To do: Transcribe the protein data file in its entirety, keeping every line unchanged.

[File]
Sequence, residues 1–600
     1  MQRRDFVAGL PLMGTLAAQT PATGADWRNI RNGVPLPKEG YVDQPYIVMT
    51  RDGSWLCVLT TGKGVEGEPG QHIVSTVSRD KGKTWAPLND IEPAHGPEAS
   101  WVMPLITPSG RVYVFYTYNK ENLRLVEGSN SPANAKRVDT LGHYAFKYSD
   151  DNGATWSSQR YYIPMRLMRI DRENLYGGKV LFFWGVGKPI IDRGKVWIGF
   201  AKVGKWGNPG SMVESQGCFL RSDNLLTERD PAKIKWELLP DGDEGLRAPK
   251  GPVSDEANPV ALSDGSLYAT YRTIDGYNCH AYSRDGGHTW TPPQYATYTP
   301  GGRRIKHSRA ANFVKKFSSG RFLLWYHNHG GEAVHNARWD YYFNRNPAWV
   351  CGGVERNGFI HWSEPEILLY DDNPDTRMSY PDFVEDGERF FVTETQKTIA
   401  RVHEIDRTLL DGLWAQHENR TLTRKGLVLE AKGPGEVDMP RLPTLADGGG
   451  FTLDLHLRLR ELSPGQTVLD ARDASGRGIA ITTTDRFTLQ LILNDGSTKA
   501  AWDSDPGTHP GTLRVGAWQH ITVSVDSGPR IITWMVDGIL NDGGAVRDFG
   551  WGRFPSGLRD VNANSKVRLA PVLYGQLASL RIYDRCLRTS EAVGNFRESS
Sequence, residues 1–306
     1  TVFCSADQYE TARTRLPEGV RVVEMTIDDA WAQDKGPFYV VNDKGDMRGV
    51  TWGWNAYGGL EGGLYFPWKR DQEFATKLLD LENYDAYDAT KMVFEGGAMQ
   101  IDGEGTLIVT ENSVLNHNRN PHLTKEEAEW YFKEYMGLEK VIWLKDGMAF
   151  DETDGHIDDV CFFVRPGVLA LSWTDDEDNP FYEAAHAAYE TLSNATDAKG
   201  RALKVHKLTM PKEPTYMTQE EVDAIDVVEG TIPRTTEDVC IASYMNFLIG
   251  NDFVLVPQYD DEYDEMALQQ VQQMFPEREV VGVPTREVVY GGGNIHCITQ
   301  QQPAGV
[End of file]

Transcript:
Sequence, residues 1–600
     1  MQRRDFVAGL PLMGTLAAQT PATGADWRNI RNGVPLPKEG YVDQPYIVMT
    51  RDGSWLCVLT TGKGVEGEPG QHIVSTVSRD KGKTWAPLND IEPAHGPEAS
   101  WVMPLITPSG RVYVFYTYNK ENLRLVEGSN SPANAKRVDT LGHYAFKYSD
   151  DNGATWSSQR YYIPMRLMRI DRENLYGGKV LFFWGVGKPI IDRGKVWIGF
   201  AKVGKWGNPG SMVESQGCFL RSDNLLTERD PAKIKWELLP DGDEGLRAPK
   251  GPVSDEANPV ALSDGSLYAT YRTIDGYNCH AYSRDGGHTW TPPQYATYTP
   301  GGRRIKHSRA ANFVKKFSSG RFLLWYHNHG GEAVHNARWD YYFNRNPAWV
   351  CGGVERNGFI HWSEPEILLY DDNPDTRMSY PDFVEDGERF FVTETQKTIA
   401  RVHEIDRTLL DGLWAQHENR TLTRKGLVLE AKGPGEVDMP RLPTLADGGG
   451  FTLDLHLRLR ELSPGQTVLD ARDASGRGIA ITTTDRFTLQ LILNDGSTKA
   501  AWDSDPGTHP GTLRVGAWQH ITVSVDSGPR IITWMVDGIL NDGGAVRDFG
   551  WGRFPSGLRD VNANSKVRLA PVLYGQLASL RIYDRCLRTS EAVGNFRESS
Sequence, residues 1–306
     1  TVFCSADQYE TARTRLPEGV RVVEMTIDDA WAQDKGPFYV VNDKGDMRGV
    51  TWGWNAYGGL EGGLYFPWKR DQEFATKLLD LENYDAYDAT KMVFEGGAMQ
   101  IDGEGTLIVT ENSVLNHNRN PHLTKEEAEW YFKEYMGLEK VIWLKDGMAF
   151  DETDGHIDDV CFFVRPGVLA LSWTDDEDNP FYEAAHAAYE TLSNATDAKG
   201  RALKVHKLTM PKEPTYMTQE EVDAIDVVEG TIPRTTEDVC IASYMNFLIG
   251  NDFVLVPQYD DEYDEMALQQ VQQMFPEREV VGVPTREVVY GGGNIHCITQ
   301  QQPAGV